SEO: "OK, to do that, we need to increase your organic traffic by 50 percent. Since your site already has lots of good content and on-page optimization is done, we need push up your rankings and that's going to require serious link building."
Client: "That sounds expensive. How much should I budget?"
Is this where beads of sweat form on your head? Don't feel bad. This is perhaps the hardest question to answer in SEO. But it's not entirely impossible to answer.
Correlation Between Links, Traffic
The next chart from Majestic SEO shows the growth in their backlink profile over the same period.
Notice the correlation between cumulative links and traffic? When I analyzed data from a major e-commerce site (in the millions of unique visits per month from organic search), I found a 93 percent correlation between links and traffic! The site in question had done almost everything right from a content, on-page, internal linking, architecture, and speed perspective, so the only thing they need was links.
For reference sake, here's the chart showing cumulative backlinks versus organic search traffic:
It's worth pointing out that correlation does not equal causation. In fact, it would be fairly odd for a site that attracted millions of organic visits to not attract links (although I have run across this). But correlating links to traffic provides one approach to valuing links.
A Relatively Simple Valuation Approach
The basic intuition is this: new links drive rankings, which contributes some marginal new monthly traffic. I'll leave the standard set of all-things-being-equal-never-are disclaimers out and focus on the high level thought.
You should look at your site's historical relationship between links and organic traffic and extrapolate. You can also look at a similar site in the same industry. Pull a report on their backlinks-over-time, match that to traffic-over-time, and draw some conclusions about how your backlink profile will probably need to look at that traffic level.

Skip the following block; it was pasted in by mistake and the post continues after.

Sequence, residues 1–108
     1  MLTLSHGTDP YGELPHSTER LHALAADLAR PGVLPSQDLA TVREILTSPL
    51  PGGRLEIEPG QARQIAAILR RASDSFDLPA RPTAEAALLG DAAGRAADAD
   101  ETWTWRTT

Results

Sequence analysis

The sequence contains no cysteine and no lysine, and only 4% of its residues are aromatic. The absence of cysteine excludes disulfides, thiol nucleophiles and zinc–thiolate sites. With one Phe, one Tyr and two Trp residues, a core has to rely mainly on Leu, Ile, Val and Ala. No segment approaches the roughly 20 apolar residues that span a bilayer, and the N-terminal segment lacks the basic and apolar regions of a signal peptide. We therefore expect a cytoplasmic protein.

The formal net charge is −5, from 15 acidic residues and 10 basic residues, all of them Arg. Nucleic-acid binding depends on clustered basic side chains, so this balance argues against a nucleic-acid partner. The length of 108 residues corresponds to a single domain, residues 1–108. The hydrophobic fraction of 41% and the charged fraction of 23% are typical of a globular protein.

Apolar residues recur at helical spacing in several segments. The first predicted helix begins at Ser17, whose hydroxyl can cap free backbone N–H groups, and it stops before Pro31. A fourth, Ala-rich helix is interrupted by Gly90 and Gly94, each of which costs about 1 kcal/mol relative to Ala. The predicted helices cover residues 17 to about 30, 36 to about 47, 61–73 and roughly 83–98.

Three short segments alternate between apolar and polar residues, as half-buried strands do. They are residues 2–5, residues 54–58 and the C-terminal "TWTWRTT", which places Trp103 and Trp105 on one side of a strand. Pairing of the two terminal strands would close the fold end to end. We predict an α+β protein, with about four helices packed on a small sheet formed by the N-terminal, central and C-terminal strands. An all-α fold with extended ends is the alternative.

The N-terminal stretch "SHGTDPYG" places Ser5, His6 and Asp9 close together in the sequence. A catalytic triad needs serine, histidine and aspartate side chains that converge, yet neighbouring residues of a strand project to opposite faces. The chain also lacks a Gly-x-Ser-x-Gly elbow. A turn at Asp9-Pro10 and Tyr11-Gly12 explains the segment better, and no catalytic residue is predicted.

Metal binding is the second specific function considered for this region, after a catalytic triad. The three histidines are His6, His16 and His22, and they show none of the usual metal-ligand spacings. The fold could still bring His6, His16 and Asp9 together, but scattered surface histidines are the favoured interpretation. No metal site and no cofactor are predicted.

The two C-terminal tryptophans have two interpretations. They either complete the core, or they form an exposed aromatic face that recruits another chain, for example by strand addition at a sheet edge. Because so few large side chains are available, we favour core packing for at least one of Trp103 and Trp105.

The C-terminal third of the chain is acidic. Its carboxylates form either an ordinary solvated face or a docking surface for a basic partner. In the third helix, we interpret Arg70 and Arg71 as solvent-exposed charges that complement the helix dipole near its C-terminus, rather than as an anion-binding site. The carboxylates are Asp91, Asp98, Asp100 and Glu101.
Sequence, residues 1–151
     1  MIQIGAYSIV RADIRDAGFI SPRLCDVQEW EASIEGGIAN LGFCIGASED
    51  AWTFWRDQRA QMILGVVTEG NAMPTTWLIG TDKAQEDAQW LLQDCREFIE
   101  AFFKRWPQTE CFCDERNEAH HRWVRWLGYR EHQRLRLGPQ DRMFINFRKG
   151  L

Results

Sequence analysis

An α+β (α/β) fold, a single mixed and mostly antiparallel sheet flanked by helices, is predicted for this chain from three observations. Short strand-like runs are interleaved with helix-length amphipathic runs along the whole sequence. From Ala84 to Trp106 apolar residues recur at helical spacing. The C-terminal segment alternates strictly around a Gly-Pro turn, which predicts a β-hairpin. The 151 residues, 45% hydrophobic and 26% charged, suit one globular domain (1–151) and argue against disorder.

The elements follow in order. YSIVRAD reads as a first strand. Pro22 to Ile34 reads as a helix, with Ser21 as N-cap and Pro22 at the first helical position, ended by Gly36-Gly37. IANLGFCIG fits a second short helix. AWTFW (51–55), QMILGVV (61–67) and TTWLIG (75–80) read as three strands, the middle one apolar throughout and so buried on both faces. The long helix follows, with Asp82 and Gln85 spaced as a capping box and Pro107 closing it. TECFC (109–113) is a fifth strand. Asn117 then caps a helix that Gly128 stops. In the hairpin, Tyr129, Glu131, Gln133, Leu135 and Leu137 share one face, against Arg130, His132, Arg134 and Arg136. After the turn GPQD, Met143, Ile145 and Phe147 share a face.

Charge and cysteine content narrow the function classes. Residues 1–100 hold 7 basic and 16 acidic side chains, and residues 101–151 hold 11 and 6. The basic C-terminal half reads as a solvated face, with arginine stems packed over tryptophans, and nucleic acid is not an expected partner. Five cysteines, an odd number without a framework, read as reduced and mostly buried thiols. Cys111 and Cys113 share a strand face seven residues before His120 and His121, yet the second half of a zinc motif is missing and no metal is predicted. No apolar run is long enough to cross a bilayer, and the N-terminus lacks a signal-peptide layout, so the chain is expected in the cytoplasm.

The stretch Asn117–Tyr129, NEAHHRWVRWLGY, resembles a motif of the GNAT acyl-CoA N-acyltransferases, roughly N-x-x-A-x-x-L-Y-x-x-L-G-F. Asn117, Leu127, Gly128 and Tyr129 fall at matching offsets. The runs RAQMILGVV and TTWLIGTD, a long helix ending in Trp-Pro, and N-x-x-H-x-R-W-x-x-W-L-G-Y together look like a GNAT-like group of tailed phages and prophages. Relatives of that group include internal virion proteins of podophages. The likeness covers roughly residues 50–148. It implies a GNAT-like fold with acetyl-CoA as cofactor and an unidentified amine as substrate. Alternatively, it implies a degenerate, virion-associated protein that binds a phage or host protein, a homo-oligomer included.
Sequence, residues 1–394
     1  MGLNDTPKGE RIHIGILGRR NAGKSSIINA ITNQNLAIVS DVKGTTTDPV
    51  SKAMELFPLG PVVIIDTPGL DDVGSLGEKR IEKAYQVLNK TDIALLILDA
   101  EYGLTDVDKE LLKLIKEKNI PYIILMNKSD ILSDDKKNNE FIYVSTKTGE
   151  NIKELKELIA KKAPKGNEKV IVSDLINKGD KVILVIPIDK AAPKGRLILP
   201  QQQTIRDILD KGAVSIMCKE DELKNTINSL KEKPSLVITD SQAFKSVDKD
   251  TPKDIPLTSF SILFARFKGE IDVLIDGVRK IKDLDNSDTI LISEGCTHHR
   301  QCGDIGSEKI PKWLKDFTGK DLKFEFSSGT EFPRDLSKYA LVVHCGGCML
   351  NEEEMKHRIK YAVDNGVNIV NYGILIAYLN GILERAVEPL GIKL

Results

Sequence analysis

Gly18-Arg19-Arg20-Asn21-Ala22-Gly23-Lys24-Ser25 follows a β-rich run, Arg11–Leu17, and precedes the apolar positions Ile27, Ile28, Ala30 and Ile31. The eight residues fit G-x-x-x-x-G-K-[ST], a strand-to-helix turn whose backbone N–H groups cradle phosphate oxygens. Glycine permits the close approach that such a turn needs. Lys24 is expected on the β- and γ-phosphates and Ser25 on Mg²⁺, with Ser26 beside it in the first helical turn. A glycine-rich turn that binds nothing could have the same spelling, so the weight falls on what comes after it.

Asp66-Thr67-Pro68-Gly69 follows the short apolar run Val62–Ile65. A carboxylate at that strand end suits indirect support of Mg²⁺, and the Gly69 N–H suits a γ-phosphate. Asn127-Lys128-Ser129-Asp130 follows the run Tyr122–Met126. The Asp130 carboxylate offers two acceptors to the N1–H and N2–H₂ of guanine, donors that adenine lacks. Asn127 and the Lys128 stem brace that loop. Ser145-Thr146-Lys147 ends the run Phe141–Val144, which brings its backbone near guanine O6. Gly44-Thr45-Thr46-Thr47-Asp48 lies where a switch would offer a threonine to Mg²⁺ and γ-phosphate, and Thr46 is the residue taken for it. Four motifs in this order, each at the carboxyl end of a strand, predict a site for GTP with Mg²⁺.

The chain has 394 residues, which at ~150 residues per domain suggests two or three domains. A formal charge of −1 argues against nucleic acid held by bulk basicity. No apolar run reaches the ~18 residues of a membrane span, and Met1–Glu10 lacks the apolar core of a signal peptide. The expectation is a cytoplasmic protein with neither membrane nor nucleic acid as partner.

So if we imagine the conversation above, the SEO could tell the client, "Well, to increase traffic by 50 percent, we're going to need to increase our link footprint by 65 percent, maintaining the same quality, so that will be 600 new links in six months, and since we know the traffic is valued at $60,000 per year, we should be willing to spend $100 per link on average."
We know that businesses don't stay around long by investing in net-breakeven projects, so in reality, we're going to need to establish a fair return on investment (ROI) for link building.
Link Building ROI
Assuming you don't have prior experience to guide your estimates of how much it will cost to drive 600 links in six months, you can work backward by choosing a fair ROI target. Discount from the target value per link and assume what's the most you can spend to build the necessary 600 links.
In other words, if you need a 50 percent ROI, then your budget to deliver 600 links is $30,000 -- or $5,000 per month.
But wait, what's a "fair" ROI?
Here's the reality. It depends on many factors, including the effectiveness of the link builders and how inherently linkable a site is, linkability being the most important factor. Promoting weak linkable assets is pushing string.
So despite having reasonable method to estimate your link building costs, it all comes back to the quality of the content you can promote. If you have weak content that's hard to promote, there's increased risk of failing to deliver, regardless of how low of an ROI your client will accept.
Why Should Someone Link to Your Site?
When you make a list of all the link building strategies, content you will need to create, arm twisting, and promotion involved, the most important consideration is how compelling the website is.
How easily does it answer the most important question in link building: why should someone link their site to yours? The harder it is, the more expensive.